People start businesses for different reasons, but the most common of all is to gain financial freedom and autonomy. With more than 53% of the youth in Kenya falling under the unemployment range it can get confusing on what exactly is the key to success.
It is true that entrepreneurship is the most promising way to attain that autonomy. That is why these six motivational tips will help if you are thinking of starting a business in 2019.
1. Success is not innate
You do not have to be born a certain way to become successful. No man is born great. Greatness is cultivated and fostered with the right tools and exposure. What would you say if someone asked you why you were born? This question also translates to finding your purpose. The start of figuring out the answer is being self-aware and knowing your personality, and what suits you. Successful entrepreneurs meet their nature with their ventures. There is just nothing innate about it.
“Great men are not born great, they grow great.” – Mario Puzo, The Godfather.
2. Certain traits make an entrepreneur
Contrary to popular belief, there is no set of traits that make an entrepreneur. Introverts can be just as successful entrepreneurs as extroverts can. Name any personality you could think of and you would be able to find a successful entrepreneur. However, bravery, tenacity and a passion for what you do will set you apart. On top of this, develop a core skill that all entrepreneurs have, influencing others.
3. There are two sides to a coin
It is only natural to equate wealth with happiness. In addition to what the media sells, it is almost futile to argue against this belief. This has borne an oversimplification that starting a business equates to wealth and hence happiness. We have seen testimonials across social media, on YouTube of people sharing stories of how they quit their jobs to become full-time influencers and entrepreneurs.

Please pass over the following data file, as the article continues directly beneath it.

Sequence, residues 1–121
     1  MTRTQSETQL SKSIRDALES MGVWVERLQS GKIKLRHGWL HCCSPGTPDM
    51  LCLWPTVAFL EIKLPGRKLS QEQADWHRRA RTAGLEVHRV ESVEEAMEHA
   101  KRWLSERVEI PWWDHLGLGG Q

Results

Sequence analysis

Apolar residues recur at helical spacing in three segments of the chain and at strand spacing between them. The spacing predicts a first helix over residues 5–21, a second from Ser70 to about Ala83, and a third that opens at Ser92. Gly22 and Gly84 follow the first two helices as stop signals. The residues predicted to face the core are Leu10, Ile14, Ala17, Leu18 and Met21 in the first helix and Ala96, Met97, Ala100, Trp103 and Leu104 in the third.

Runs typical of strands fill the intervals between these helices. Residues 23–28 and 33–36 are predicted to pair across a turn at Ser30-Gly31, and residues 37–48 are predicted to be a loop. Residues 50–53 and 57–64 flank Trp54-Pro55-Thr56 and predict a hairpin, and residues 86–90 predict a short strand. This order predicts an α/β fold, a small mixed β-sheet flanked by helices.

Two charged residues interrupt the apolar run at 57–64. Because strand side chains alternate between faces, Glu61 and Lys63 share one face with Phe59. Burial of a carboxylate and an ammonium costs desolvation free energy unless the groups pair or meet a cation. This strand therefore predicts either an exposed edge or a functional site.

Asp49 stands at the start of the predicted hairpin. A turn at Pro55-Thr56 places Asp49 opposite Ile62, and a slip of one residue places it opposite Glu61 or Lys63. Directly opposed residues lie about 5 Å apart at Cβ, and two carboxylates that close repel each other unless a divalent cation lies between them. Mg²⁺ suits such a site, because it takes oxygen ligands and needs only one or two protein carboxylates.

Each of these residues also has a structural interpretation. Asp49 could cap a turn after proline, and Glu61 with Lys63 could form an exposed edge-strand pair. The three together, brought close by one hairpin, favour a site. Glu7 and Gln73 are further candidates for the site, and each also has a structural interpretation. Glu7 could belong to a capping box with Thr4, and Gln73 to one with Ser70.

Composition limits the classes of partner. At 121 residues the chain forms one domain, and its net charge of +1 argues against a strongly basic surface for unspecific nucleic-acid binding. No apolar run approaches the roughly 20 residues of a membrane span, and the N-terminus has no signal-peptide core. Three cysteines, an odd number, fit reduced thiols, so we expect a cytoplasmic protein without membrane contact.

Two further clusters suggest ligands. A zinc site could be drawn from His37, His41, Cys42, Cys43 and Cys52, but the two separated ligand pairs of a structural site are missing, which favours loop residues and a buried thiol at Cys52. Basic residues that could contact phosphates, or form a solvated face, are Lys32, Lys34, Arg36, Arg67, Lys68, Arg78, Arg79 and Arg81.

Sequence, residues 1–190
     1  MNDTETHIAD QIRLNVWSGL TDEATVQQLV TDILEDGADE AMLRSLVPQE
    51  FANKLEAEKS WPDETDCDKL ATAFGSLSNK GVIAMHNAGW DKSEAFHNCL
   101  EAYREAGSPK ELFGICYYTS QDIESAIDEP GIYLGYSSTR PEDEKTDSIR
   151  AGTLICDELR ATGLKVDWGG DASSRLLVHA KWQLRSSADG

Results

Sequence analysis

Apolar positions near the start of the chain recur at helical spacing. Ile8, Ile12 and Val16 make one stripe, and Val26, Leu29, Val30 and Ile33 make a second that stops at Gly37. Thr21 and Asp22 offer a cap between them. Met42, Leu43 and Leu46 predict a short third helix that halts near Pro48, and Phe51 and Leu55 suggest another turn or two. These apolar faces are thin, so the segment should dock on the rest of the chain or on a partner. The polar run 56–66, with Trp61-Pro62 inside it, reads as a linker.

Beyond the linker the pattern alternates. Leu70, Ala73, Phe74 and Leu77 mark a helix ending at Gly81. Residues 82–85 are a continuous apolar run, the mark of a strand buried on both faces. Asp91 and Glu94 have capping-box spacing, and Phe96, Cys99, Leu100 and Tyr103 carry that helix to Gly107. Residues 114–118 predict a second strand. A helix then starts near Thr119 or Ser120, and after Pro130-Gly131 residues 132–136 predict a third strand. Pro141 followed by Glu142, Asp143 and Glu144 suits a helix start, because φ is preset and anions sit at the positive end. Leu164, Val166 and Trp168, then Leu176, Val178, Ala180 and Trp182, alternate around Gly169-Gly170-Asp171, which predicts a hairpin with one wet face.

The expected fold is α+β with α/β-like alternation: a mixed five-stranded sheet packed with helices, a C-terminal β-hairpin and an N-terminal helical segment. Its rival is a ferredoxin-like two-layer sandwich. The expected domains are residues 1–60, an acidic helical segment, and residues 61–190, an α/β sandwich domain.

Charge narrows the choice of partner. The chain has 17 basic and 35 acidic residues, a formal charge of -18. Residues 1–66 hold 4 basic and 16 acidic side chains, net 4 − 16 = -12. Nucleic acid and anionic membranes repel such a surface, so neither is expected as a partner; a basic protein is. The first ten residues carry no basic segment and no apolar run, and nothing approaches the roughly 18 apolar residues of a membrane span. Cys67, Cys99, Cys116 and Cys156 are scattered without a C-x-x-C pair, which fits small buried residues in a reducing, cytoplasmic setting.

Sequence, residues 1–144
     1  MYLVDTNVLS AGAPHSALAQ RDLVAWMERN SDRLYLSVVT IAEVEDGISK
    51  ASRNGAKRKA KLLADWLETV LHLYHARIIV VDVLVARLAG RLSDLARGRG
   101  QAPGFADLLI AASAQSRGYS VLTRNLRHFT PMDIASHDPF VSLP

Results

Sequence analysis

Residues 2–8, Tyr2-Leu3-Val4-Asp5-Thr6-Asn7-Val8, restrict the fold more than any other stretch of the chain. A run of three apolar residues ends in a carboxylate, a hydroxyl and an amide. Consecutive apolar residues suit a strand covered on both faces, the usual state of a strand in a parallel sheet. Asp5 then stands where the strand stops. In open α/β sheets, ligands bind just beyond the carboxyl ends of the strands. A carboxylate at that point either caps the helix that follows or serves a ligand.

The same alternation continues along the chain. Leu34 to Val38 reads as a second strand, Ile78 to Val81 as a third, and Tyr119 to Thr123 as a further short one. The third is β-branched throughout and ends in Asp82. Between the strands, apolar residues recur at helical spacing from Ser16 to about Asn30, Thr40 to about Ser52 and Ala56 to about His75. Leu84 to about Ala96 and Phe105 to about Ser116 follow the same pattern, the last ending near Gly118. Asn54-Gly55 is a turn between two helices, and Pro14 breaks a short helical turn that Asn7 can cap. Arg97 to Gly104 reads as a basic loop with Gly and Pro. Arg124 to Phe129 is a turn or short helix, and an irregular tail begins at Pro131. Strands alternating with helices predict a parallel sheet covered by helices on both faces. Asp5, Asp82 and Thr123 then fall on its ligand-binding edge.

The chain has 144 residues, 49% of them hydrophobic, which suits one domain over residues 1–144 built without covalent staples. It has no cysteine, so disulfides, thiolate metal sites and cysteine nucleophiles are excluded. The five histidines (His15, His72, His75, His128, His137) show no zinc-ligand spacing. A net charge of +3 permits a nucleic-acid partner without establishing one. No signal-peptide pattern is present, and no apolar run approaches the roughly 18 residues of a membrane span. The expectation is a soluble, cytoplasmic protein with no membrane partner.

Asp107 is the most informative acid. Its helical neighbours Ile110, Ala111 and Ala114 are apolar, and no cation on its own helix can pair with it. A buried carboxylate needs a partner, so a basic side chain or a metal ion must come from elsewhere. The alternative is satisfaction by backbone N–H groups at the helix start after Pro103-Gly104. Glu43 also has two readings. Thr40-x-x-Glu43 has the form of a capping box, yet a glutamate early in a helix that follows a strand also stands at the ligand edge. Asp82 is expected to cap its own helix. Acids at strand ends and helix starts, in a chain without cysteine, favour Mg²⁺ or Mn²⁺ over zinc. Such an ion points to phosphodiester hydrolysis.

However, they do not tell us that fulfilment, wealth and happiness has nothing to do with starting a business. You could make money from working in a company you love, utilizing your skills in building assets, and investing hence growing your wealth. On the other hand, you could start with a YouTube channel because that is your passion or sell eggs, as Eric Kinoti did, then later sit atop five power companies, generating a net worth of over Ksh. 150 million in a year.
4. Pitch that good idea
Ask anyone what they need to start a business and they will mention, a good idea and capital. However, difficult problems require creative solutions and even with great ideas most people are faced with difficulty when it comes to convincing people of how great an idea is. One of the core influencing skills any entrepreneur needs more than technical skills we learn at school/university is the ability to pitch that good idea.
“A lot of people like to fool you and say that you’re not smart if you never went to college, but common sense rules over everything. That’s what I learned from selling crack.” Snoop Dogg
5. Going back to work is not a sign of failure
I met a friend at an entrepreneurship summit and she told me about how she started her business of teaching foreign languages in different schools. It was a venture that had always interested her.
As an entrepreneur, she hoped for financial security, freedom and less stress from the fact that she called all the shots and there was no boss to limit her. Upon calculating her budget, she found out that returns on investment were less and worse, was the fatigue and no assurance of an income at the end of the month.
She had the fear of letting go of her business which had taken her four years to build. Until she finally came to peace with the reassurance that it was okay to go back to an office job and just earn a salary if this would mean getting the time to focus on other things. This is just an example of an experience that clearly shows that going back to work is also okay. It is not a one size fits all kind of venture.
6. It is good, but not mandatory to start young
Starting a business and becoming successful is not limited to age. Location and exposure matter. According to the United Nations, a youth is someone between the age of 15 and 24. In Kenya, a youth falls into the bracket of age 18 and 35. Take a look at the percentage making the youth in Kenya (75%) as compared to the global percentage of youth (14.1%).
This disparity illuminates how long it takes for a young entrepreneur in Kenya, to reach the level of exposure and skill as someone in the US. It also means that there is higher competition for opportunities, facilities, resources and youth-related services.
Based on the above information and entrepreneurship rooting from the availability of skill, knowledge, personal development and culture, it would only render age as a factor in entrepreneurship, a myth, as getting rained on makes you taller.
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